Thursday, April 2, 2009

In the Dark

Sometimes when dealing with Thomas and Pie, I feel as if I am half-parent and half-sibling. The age range between us is so huge, particularly where my sister is concerned, that in one instant I'm reprimanding them and in the next we're playing dodge ball in the basement.

Last night was typical of this dual relationship.

We hurled foam footballs at one another in the basement until my mother screamed for us to stop, and then Thomas and I went out to the hot tub, where he confided in me his worries about starting high school and I did my grown-up's best to use my own experiences as a way of helping him.

"You're not going to lose your friends from middle school," I said. "You're just going to make lots of news ones."

We went in, and around ten o'clock my parents summoned the two of them for bed. Because Pie is scared to sleep by herself and Thomas's bed is so small, the two often bunk in the room that Powell vacated when he moved to Decaying State.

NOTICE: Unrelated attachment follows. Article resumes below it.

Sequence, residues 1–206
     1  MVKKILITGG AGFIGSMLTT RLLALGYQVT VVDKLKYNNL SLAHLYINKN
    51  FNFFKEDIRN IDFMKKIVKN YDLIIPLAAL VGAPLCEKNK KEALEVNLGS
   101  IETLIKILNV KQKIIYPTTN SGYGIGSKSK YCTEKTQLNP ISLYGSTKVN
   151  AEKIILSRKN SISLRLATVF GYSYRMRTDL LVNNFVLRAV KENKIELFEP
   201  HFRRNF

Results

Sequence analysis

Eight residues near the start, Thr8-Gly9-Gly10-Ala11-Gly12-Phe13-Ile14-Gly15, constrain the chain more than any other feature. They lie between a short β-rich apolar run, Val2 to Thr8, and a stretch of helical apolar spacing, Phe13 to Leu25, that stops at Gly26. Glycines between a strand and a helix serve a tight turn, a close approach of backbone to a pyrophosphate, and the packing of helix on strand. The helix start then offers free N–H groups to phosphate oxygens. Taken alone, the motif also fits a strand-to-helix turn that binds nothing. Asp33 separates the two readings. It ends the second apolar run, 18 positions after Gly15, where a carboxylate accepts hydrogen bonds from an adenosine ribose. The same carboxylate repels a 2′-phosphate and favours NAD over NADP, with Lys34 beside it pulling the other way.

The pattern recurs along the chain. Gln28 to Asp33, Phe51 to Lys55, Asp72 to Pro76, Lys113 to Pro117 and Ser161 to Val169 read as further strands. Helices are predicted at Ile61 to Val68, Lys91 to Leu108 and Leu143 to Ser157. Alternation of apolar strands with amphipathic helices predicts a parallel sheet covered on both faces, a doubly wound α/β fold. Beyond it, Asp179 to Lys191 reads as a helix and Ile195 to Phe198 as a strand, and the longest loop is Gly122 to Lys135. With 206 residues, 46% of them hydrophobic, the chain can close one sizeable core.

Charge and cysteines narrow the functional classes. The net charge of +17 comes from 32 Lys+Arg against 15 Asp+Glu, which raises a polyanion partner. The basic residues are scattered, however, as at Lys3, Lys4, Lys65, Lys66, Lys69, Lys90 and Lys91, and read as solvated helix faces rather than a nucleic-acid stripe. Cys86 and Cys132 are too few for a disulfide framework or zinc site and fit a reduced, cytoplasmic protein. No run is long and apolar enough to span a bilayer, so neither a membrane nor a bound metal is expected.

I'd gone upstairs to get a load of clean laundry from the dryer when I saw my father sitting in Powell's bed, scrutinizing a hidden-image book with my brother and sister.

I walked in and sat on the bed until they finished, and my father bade them goodnight. I stood to leave, but Pie beseeched me, "BB, stay here! Sleep with us!"

After insisting that I would do no such thing, I laid down and surrendered to my tiredness.

Thomas and I talked for a few minutes, singing made-up country songs under our breath and giggling before his laughter subsided into one long sigh after another.

I was going to get up and leave then, but the parent in me wanted to stay, to see that they were off to sleep, to protect them.

I took my sister's tiny hand in my own and kissed it as I lay with my eyes closed, hearing the small sounds of night.

I knew I had to get up soon, that I had other things to do before I could actually go to bed myself.

In that moment, though, I just stayed there, looking at the boy and girl sleeping side by side and listening to the steady breath of the two people I loved most in the world.

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